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David Alan Basche,
Against the backdrop of the first Gulf War, Jasira Maroun is 13, physically well developed but naïve and unable to say no. As puberty arrives, her mother sends her from Syracuse to Houston to her curt, up-tight, Lebanese-born father. Over the next few months, Jasira must navigate her father's strict indifference, her discovery of sexual pleasure, the casual racism of a neighbor boy and her classmates, the sexual advances of the boy's father, the proffered friendship of a pregnant neighbor, and her attraction to Thomas, an African-American classmate whom her father forbids her to see. Things happen to her, but can she take responsibility and control, or is tragedy inevitable? Written by
This film, based on the book Towelhead by Alicia Erian, debuted at the 2007 Toronto Film Festival with the non-controversial title Nothing is Private. However, after consultation with Erian and Warner Brothers, the filmmakers decided to release the movie in the United States and other countries with the same title as the book, obviously an ethnic slur. The title was met with controversy and protests from the Arab-American community. Some complained about the slur itself, others accused Warner Brothers of choosing a buzz-generating controversial title that was misleading since the story centers more on Jasira's sexual behavior than her ethnicity. This and other topics are discussed on the DVD's two panel discussions. See more »
Although the movie was set in 1990-91 (as the story starts before the Gulf War and concludes soon after the war ends), the microwave in the father's house looked current, the airport looked really modern, the nudie mags didn't look that old, and most of the clothes throughout the film looked wrong for the era. See more »
You're beautiful just the way you are, Jasira. Those other girls are just jealous because you're growing up faster than they are. And you're prettier than they are. Listen, don't let it get you down. Stupid names they're calling you. This year - just gimme a second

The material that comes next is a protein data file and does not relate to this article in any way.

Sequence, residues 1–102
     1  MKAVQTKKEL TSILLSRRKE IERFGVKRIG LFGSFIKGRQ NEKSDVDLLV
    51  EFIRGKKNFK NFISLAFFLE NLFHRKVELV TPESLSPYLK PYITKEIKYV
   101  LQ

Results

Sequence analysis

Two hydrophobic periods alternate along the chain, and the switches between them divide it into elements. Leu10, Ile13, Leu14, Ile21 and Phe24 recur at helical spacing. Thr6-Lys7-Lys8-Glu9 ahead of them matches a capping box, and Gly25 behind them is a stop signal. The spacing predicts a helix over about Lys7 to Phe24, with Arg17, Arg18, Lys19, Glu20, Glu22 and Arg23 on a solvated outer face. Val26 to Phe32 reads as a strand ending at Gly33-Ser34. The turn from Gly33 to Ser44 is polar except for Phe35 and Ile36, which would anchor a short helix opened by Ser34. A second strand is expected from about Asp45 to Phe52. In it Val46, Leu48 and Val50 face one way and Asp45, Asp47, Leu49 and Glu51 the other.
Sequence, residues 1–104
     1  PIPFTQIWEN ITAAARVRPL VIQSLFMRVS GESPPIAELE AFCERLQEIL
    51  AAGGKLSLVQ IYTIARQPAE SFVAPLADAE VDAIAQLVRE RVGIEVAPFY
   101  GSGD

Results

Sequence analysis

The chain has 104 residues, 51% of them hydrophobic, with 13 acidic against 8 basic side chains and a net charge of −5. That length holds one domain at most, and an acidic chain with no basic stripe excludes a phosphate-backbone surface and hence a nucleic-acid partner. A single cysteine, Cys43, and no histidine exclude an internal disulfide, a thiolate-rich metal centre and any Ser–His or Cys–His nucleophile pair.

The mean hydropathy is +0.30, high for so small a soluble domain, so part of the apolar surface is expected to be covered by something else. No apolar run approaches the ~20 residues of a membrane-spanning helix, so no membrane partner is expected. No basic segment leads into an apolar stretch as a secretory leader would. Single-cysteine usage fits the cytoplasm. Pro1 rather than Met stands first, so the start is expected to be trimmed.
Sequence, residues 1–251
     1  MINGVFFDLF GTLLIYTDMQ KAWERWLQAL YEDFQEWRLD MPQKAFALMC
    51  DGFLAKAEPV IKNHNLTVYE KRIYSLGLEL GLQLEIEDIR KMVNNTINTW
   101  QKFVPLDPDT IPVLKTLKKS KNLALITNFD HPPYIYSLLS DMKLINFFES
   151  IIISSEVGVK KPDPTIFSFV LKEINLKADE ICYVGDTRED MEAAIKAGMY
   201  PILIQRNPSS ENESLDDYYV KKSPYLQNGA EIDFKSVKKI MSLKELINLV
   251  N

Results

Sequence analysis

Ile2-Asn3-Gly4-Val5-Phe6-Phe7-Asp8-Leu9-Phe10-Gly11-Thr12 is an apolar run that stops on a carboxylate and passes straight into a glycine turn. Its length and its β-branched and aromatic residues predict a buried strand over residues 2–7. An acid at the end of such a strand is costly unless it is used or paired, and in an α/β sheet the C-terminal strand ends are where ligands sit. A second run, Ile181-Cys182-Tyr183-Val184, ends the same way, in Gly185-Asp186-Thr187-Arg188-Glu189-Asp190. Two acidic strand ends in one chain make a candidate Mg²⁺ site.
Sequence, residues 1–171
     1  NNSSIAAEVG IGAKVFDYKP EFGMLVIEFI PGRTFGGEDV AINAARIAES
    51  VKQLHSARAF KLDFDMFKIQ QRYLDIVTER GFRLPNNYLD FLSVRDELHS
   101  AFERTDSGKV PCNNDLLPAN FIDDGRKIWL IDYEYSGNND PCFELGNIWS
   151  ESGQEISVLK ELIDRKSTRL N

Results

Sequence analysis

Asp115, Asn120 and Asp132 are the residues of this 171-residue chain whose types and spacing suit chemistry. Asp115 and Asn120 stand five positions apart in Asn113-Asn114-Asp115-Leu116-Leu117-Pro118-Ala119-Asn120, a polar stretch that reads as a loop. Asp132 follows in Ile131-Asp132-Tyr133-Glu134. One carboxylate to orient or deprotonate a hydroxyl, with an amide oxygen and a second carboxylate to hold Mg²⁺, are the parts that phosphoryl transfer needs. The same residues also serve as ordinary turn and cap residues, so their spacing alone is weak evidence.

[wets the razor]
this year, your gonna shut them up. Only, probably you shouldn't tell your mom about this.
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Just left the Sundance premier. They changed the title back to Towelhead, kind of a harsh turn-off while choosing a movie, but I guess that was the name of the semi- autobiographical novel. The author was present and looks well recovered from her childhood.
I can see why many reviewers hate this movie. It's cringe-worthy to watch the sexual awakening of a pubescent teen, when her parents and other important adults are childishly self-centered, in contrast to her own childlike innocence, honesty and vulnerability. That contrast and that cringe are what make it real and relevant. An unnerving part of the story is that the protagonist is never a victim. She is too inexperienced and too unmentored to act in what an adult would consider her own best interest, at least at first. But, she never participates in anything against her will. She is never denied her freedom, at least no one who tries to restrict her has the will and persistence to succeed for long. Hers is not to suffer, then be redeemed and live happily ever after. Hers is to introduce sex into her life this way, then go on.
Regarding the mechanics of the movie, it is explicit, but not graphic. Viewers hoping for teen porn will be disappointed, body parts stay covered or concealed by camera angles.
The story engages all types of Americans around this kid's ambivalent choices, a socially liberal me-generation mom, a conservative Christian Arab Dad, right-wing white Christian neighbors, liberal social activist neighbors, a middle class black friend, and a Latina mom- figure who mistakes her of one of her own. The acting is great. As one would expect, there's lots of room for humor. Once over the cringing,if you did get over it, it was an engaging and thought-provoking movie.
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